Dump the lovely lady like hot potato if she can't cook ugali for two
By Brian Guserwa | September 21st 2020
I once invited a female guest I was entertaining for the night into the kitchen, that sacred, sacred place. The inner sanctum. It wasn’t that kind of invitation, unfortunately. The way our counters are set up, and because I’m not 6’5, sex in the kitchen is sadly out of the question. Also, I refuse to perform for the extended family of roaches that live in that kitchen.
Anyway. I had just sprained my wrist doing something mildly athletic, and I was realizing I wouldn’t be able to whip up that gourmet ugali/beef combination I was famed for, and which was absolutely necessary for powering activities later that night, pending any sudden headaches. And so, having no alternative, I asked the lovely lady if she wouldn’t mind ‘handling’ the ugali, and I would see if I could find a way to make it up to her.
It was not an audition, I swear. I wasn’t trying to see how she would function in the kitchen or anything of the sort. I am a feminist sympathizer, you see, so I don’t believe anyone belongs in the kitchen. All that and more in my feminist manifesto, coming soon.
The lovely lady agreed, albeit reluctantly. Naturally, she had expected to expend her energy in a different way that night. I directed her to my assortment of mwikos, unfurled the bag of flour I had just received from back home, and left the kitchen to rest my hand.
Some time later, I heard loud noises coming from the inner sanctum. I rushed there, catching the tail-end of a long string of curse words and very colourful insults. All directed, I soon gathered, at the simmering puddle of mush that was meant to be our dinner.
The lady looked rattled. Her hair had slipped from the bondage of a hairpin and was strewn about her face, with a few strands plastered to her forehead by a sheet of sweat. Her eyes were popping. Her teeth were gritted.
Apparently, she had been fighting a losing battle with the flour. Was it even maize flour, she asked, peering into the sufuria with a frown. Her forearms felt taut and painful, and she was practically on the verge of tears.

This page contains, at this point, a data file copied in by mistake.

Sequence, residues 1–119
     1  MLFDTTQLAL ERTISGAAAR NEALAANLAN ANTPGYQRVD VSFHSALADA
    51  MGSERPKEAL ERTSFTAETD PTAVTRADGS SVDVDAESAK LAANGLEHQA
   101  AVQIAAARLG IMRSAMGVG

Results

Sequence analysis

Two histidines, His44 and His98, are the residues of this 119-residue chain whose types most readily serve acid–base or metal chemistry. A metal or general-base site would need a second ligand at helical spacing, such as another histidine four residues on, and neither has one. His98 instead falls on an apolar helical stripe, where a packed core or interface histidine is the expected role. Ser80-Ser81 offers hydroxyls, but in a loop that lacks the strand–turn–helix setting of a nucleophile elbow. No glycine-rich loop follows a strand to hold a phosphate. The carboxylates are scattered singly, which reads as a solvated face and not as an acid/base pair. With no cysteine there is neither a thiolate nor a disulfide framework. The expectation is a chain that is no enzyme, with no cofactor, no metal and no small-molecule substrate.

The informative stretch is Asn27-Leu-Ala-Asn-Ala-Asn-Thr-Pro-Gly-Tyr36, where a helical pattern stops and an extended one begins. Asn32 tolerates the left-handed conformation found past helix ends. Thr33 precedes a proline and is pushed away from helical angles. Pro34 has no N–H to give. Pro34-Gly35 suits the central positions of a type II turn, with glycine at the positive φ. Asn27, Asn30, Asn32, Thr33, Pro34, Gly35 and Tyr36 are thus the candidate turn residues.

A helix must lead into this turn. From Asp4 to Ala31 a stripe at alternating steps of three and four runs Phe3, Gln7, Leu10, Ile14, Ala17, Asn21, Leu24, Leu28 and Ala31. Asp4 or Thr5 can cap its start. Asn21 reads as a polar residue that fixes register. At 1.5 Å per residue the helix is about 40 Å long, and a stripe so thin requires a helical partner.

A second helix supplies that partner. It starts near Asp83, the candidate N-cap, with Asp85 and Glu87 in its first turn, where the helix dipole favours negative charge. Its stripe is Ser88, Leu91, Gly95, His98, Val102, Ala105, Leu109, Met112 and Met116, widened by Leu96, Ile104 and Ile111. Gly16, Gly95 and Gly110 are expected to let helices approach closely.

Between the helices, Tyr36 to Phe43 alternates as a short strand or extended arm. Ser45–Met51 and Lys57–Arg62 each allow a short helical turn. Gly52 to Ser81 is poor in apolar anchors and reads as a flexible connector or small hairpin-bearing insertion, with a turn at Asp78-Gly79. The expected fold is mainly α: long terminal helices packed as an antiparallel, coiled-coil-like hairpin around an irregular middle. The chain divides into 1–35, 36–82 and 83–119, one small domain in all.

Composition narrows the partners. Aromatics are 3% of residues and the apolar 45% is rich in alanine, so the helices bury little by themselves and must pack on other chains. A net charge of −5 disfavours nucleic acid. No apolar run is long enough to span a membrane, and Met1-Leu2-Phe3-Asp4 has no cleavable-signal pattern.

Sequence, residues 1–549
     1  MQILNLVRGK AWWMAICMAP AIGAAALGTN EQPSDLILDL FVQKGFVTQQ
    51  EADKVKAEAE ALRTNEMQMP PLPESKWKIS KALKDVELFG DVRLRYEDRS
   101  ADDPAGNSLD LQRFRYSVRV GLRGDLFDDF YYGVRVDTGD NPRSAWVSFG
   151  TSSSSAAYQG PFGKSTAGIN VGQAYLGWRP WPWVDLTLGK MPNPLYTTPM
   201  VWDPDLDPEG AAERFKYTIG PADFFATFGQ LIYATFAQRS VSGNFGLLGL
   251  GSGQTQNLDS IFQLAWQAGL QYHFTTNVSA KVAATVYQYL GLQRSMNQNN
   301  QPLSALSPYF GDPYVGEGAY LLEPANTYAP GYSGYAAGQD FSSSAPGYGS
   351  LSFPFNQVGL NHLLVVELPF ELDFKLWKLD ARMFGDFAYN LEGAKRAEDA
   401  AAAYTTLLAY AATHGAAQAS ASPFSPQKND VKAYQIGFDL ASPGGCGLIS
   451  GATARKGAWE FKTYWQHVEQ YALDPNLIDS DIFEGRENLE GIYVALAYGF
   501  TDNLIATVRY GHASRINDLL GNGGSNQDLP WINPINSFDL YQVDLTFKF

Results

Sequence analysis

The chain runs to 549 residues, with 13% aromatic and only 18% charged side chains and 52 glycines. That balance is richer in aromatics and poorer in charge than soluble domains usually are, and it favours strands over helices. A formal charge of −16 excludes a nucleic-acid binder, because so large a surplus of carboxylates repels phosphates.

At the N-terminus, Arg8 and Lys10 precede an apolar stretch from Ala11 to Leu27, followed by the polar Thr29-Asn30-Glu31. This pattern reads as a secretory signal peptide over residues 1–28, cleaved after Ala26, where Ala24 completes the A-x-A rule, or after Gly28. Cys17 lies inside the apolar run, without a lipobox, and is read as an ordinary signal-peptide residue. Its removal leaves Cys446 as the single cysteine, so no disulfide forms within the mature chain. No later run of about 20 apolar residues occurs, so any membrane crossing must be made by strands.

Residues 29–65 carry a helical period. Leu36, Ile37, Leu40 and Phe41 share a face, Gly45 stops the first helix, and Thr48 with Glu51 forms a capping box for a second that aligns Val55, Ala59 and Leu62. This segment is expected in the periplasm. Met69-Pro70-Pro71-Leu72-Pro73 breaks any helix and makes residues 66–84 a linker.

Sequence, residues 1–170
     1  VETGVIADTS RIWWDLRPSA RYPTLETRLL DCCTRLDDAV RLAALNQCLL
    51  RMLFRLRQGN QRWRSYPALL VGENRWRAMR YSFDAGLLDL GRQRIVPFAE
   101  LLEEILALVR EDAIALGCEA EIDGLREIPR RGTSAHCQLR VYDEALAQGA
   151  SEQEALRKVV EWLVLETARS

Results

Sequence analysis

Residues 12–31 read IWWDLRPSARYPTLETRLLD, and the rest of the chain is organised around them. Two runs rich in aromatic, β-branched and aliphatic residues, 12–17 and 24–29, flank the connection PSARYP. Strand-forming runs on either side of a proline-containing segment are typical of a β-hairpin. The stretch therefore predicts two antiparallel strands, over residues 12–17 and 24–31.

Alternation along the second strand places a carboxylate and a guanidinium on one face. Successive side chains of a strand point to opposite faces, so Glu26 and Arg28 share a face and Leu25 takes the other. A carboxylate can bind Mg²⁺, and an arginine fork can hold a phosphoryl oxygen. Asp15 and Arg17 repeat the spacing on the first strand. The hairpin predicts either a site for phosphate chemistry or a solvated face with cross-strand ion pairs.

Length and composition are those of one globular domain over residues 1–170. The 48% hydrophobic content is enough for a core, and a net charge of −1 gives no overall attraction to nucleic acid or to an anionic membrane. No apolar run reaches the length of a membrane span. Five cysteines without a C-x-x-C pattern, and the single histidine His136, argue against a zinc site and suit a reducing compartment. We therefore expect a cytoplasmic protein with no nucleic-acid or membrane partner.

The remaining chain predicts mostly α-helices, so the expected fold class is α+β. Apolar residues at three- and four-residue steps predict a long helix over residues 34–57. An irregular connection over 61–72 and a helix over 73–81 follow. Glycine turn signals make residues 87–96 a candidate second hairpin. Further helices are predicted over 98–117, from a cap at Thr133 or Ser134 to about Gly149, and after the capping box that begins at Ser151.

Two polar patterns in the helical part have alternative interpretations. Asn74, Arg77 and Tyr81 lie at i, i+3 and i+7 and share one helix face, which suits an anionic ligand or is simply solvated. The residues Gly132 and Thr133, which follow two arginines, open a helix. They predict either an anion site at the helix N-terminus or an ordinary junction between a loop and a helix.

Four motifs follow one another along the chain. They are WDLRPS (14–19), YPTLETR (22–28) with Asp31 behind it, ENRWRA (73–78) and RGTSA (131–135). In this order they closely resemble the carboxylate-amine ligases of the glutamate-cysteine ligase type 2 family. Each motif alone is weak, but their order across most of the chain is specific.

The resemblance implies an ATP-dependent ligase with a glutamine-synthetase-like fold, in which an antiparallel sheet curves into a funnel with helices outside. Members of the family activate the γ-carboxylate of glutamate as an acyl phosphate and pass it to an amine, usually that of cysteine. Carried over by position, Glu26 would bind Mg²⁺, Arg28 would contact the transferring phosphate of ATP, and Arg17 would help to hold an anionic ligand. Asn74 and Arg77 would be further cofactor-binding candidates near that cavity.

She had been stirring and turning for almost ten minutes, to no avail. The flour simply refused to ‘come together’. She had tried gathering, squeezing, prodding and even twisting, but the damn thing wouldn’t coalesce. And she had calculated the water/flour ratio perfectly, too.
It was incredibly difficult to stifle my laughter. It was even harder to explain that this wasn’t the same flour she was used to, the pretentious, over-processed, Caucasian kind found in supermarkets. This was sifted vibranium, straight from the farm, crushed by a high-tech marvel sometimes called a posho mill. This flour didn’t just ‘come together’ because you caressed it with a mwiko. You had to impose yourself, let it know who was the boss. It was a battle, and if you showed any sign of weakness, you would not win. That was her mistake. She showed weakness, and the flour deemed her unworthy.
It was my fault, I suppose. I forgot that I was dealing with one of those cool kids. I should have plastered a sticker on the bag of flour that said ‘HEAVY LOAD’.
I’m a good teacher, so I let her finish her exam before stepping in with my red pen. The sufuria was blackened all the way up the sides (I would later be forced to retire it). The ugali was still wobbly, scared and soft, and it fell apart as soon as you approached it with a knife. The kitchen was covered in a heavy smoke mist that would have needed fog lights to cut through.
My esteemed guest retired to bed, citing the sudden emergence of a headache.
It was not an audition by any stretch. But it did provide insight, and I highly recommend it. Fellas, forget about taking her home to meet the parents. Forget about purposefully annoying her to see what she’s like when she gets annoyed. Don’t even bother plying her best friends with drinks to loosen their tongues and acquire dirt on her. If you want to see how your woman handles adversity and challenge, all you have to do is provide her with the finest flour from ‘Westie’, then pull up a chair and watch. At the very least, it will be highly entertaining.
I have not invited the lovely lady back. It wasn’t an audition, but I also don’t want my children to starve in the future.
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